Saturday, February 10, 2007

Musings on Fear (The Whiteness of the Whale)

Fear is an unusual thing, as an abstract concept fear seems a harsh, pointed and aggressive thing but in reality it is a dull and slow feeling. Fear doesn’t push you forcefully into its realm and drag you to the finality of its actions, it does its work slowly, the speed between the feeling of fear and the playing out of the consequences of the fear inducing act may be fast but once we are in its hands it removes control from us and time slows down, the moments between its inception and its final play are like slowly grinding wheels that catch our sleeves and drag us into its dull and slowly crushing inevitability. From personal experience of a Alpine related accident I can tell you that fear subsides into a quiet but unsettling calm before the conclusion of the fear inducing act, when faced with a conclusion that appears to be certain death fear is soon replaced by a resignation to inevitability, especially because ten seconds feels like ten minutes.

On Friday evening the Transition Gallery opened their current exhibition “The Whiteness of the Whale”, three artists ponder issues relating to the novel Moby Dick. Fear and dread, mortality and the loss of control when faced with forces more powerful than yourself run through the novel’s text and that is echoed by the quiet forboding that emanate from the works on show. In a world of bluff, bluster, ego and artwork that shouts and screams for attention it is fascinating to be drawn into the orbit of these works, quiet whisperings draw you close and then grab hold of you and don’t let go. It is a great tribute to the artists that in a crowded room on such an opening night that the subtle power of these works can vie for attention and win. As a complement to the work on this opening night there is a continuous reading of the novel by a kind of endurance reading tag team, on my arrival the reader is holding booklet or newspaper megaphone style to his lips to try to be heard, he fails to be heard and is only contributing to the collage of voices chatting around the room.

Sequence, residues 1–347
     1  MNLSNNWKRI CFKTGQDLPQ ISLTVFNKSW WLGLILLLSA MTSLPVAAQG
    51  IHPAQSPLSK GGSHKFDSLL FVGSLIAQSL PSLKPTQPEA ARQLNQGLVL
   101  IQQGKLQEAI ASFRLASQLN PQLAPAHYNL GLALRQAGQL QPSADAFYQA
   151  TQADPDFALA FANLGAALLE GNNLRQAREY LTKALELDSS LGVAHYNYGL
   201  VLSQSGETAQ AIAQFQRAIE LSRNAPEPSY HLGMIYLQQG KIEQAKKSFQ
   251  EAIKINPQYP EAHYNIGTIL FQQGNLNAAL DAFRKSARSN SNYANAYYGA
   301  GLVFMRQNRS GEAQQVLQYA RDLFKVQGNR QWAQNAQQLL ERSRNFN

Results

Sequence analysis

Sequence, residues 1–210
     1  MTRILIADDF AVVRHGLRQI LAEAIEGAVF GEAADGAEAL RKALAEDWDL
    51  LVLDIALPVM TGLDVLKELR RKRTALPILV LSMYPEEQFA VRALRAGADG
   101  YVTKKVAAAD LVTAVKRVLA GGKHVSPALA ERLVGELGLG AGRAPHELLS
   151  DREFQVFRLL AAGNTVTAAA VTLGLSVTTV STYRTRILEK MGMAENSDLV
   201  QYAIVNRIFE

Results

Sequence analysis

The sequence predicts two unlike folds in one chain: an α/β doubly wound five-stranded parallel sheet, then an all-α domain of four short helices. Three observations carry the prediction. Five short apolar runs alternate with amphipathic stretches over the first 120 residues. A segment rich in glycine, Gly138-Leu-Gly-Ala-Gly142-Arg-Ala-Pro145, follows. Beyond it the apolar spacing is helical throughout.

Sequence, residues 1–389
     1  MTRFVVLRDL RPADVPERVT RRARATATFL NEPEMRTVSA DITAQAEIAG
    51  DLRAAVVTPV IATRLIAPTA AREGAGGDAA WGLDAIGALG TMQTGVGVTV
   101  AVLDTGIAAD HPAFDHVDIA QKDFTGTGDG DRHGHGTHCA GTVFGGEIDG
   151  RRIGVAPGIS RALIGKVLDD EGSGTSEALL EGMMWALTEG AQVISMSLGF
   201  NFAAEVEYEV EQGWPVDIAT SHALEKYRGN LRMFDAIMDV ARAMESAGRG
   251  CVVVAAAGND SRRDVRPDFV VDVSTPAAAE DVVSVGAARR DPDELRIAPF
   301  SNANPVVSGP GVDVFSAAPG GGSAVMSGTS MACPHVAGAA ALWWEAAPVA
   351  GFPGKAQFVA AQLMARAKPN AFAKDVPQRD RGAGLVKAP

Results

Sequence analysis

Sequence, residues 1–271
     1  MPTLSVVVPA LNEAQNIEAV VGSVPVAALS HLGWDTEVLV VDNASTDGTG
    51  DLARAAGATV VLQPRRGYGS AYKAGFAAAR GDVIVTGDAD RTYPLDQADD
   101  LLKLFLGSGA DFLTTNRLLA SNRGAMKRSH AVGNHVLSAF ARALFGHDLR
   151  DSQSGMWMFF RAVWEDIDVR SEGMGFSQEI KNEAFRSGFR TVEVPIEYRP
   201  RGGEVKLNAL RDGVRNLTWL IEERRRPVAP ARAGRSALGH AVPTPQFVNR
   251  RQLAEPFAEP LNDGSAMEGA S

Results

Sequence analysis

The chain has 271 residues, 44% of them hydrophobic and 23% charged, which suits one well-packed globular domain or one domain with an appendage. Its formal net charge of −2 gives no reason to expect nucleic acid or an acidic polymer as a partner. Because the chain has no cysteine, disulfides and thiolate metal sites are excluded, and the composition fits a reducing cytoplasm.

In other settings the social atmosphere of the gallery would distract but the work quietly insinuates its way into my thoughts.

Reece Jones large monochrome almost landscapes do not register with me as images but as a series of deep dusty black streaked sheets, imagery gives way to something more ephemeral, they look like oversized photocopies of charcoal drawings but it is the combination of their cleanliness and grubby earthiness that attracts me. Anna-Karin Jansson’s videos are single frame films of forested wilderness, in one a moose sits in the grass watching and waiting, we look for some time for an action to take place, what will the solitary and perhaps fearful creature do?, who is scared of who?, this large and powerful beast has a strength that we could not match and in some ways it must know this but it’s fear of us just brings it slowly to its feet to turn and slowly slip away from danger. In the other film a spot of sunlight reaches the frosty ground, with a background of black dense forest the heat from the sun melts the frost and mist lifts from the surface into the air. In Nadia Hebson’s large canvas the rigging of a sinking ship lists to one side as it sinks into its blue black watery grave, this is a timeless image, once again an image of fearful inevitability is portrayed but as the act makes its slow progression to conclusion we can only watch and wait.

This exhibition does not answer any questions it just reminds us of human frailty in a powerful and uncontrollable world, we can only participate when the things that cause our fears to be realised plays itself out, there maybe an inevitable conclusion but we can do nothing but wait for that conclusion.

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